Experiment 22 Procedure Proposal Final (2)

Experiment 22 Procedure Proposal Final (2) - Dystan Medical...

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Unformatted text preview: Dystan Medical Supply Company: Cold Packs & Hot Packs A Self-Directed Experiment Meredith Frobose Duncan Wilder Meagan Rowe Pinal Patel October 18, 2010 Introduction Hot packs and Cold packs are great ways to relieve temporary pain for many people across the United States. These hot and cold packs contain two compartments in a plastic bag, one compartment contains salt and the other compartment contains water. When the bag is broken, the salt dissolves in the water, producing either an endothermic reaction or an exothermic reaction depending on the concentration of salt. An endothermic reaction will produce a cold pack as heat and energy are absorbed from the surroundings. An exothermic reaction will produce a hot pack as heat and energy are released to the surroundings (Stanton, Zhu, and Atwood 269). In this experiment we will be using four different kinds of salts. These salts include ammonium nitrate, calcium chloride, lithium chloride, and potassium chloride. All four of these salts will be tested to determine which should be used to produce efficient and economical cold and hot packs for the Dystan Medical Supply Company. Our research team must determine the mass of the salt to be used to produce a 100-mL cold pack that can attain a temperature of 0 degrees Celsius and a 100-mL hot pack that can attain a temperature of 65 degrees Celsius. By using the calorimeter to construct a thermogram, the salt reactions can be determined to be either endothermic or exothermic, which in the end will determine their relevant uses. In order to measure the heat of change in this reaction, we will use calorimetry. The first step in this process is to test a calorimeter and find out its calorimeter constant, or the amount of heat that the calorimeter absorbs from its environment. After calculating its calorimeter constant, the calorimeter cup is used to hold one reactant, and the initial temperature is measured. The additional reactant is then added to the calorimeter, and the MeasureNet system records any change in temperature that takes place during the reaction. Calculations that factor in the calorimeters calorimeter constant can be completed, which will tell how much heat a reaction emits or absorbs in joules. If the reaction has a positive change in heat, it absorbs heat and is thus an endothermic reaction. If it has a negative change in heat, it liberates heat and is exothermic (Whitten, Atwood, Morrison 551-552). Sample Calculations Part A: Calculate the Calorimeter Constant: The specific heat of water is 4.184 J/g C. The density is 1.00g/mL T= T f (equilibrium temperature of the system) T i m warm water = (mass of warm water)( Density of water) q calorimeter = - (m warm water x C warm water x T warm water ) (m cool water x C cool water x T cool water ) C calorimeter = q calorimeter T cool water Average calorimeter constant = C calorimeter trial 1 + C calorimeter trial 2 2 Parts B, C, D, and E: Calculate the H dissolution of the salts:...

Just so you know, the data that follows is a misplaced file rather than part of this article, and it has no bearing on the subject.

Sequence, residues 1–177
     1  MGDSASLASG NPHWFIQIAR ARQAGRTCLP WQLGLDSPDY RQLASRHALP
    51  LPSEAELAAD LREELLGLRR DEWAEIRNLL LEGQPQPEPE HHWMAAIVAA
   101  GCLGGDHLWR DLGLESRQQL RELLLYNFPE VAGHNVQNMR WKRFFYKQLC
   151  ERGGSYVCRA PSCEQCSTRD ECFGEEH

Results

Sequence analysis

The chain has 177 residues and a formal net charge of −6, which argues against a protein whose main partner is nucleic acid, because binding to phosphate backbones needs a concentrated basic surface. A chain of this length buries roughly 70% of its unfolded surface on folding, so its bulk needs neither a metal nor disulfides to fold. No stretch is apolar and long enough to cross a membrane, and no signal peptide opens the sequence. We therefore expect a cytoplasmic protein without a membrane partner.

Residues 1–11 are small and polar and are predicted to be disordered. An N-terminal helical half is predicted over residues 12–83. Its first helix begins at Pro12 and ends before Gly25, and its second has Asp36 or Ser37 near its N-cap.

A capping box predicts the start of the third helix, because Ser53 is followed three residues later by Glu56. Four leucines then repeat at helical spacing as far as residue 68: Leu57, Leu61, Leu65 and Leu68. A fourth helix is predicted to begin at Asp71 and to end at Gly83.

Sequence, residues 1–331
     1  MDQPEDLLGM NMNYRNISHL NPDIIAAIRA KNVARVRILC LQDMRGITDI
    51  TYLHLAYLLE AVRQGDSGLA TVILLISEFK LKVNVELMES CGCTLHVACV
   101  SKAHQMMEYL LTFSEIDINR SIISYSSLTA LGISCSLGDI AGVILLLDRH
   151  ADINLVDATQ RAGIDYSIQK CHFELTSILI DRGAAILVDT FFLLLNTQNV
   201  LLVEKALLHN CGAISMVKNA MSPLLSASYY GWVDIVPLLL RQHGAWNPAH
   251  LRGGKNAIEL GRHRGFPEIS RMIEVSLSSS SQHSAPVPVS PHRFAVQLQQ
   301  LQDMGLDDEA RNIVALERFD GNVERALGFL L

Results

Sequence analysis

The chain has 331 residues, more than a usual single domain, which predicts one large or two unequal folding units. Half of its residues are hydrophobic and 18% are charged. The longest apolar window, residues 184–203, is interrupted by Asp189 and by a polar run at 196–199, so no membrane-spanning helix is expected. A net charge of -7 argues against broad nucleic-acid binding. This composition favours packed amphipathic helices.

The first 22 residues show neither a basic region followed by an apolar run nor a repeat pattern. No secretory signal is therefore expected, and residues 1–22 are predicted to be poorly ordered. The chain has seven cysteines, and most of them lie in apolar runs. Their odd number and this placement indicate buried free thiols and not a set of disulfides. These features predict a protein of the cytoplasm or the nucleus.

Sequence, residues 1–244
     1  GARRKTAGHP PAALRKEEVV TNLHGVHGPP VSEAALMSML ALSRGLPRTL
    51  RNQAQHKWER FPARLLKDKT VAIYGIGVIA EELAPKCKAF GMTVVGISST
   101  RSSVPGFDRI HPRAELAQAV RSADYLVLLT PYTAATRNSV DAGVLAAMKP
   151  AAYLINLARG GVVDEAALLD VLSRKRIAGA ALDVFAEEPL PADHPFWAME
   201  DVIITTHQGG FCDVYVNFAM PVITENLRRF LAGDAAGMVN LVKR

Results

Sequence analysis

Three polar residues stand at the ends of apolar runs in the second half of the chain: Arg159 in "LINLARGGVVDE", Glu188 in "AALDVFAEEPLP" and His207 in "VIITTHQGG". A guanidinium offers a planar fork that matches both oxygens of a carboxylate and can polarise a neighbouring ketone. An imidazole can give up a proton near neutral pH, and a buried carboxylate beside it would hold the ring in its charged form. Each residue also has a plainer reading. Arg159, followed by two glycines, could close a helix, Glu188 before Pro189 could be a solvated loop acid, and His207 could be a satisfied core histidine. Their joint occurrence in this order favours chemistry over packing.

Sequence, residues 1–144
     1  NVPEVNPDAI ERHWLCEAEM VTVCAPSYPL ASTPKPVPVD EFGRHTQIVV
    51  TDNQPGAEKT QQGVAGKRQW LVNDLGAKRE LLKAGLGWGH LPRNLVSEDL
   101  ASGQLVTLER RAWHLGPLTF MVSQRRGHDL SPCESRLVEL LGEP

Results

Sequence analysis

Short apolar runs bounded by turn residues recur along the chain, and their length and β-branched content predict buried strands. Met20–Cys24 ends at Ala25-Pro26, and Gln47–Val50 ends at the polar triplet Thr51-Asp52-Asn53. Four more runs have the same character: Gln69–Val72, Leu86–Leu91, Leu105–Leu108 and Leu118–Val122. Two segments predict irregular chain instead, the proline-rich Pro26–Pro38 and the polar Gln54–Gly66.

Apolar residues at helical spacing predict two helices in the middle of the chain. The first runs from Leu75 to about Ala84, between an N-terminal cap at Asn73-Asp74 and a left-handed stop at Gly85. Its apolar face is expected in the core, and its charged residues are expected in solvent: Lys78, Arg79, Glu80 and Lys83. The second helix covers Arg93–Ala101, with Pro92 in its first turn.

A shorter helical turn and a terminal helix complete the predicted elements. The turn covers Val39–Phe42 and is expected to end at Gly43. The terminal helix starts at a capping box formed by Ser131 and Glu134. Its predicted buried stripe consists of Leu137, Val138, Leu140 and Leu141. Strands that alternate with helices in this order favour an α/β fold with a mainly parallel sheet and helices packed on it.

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Experiment 22 Procedure Proposal Final (2) - Dystan Medical...

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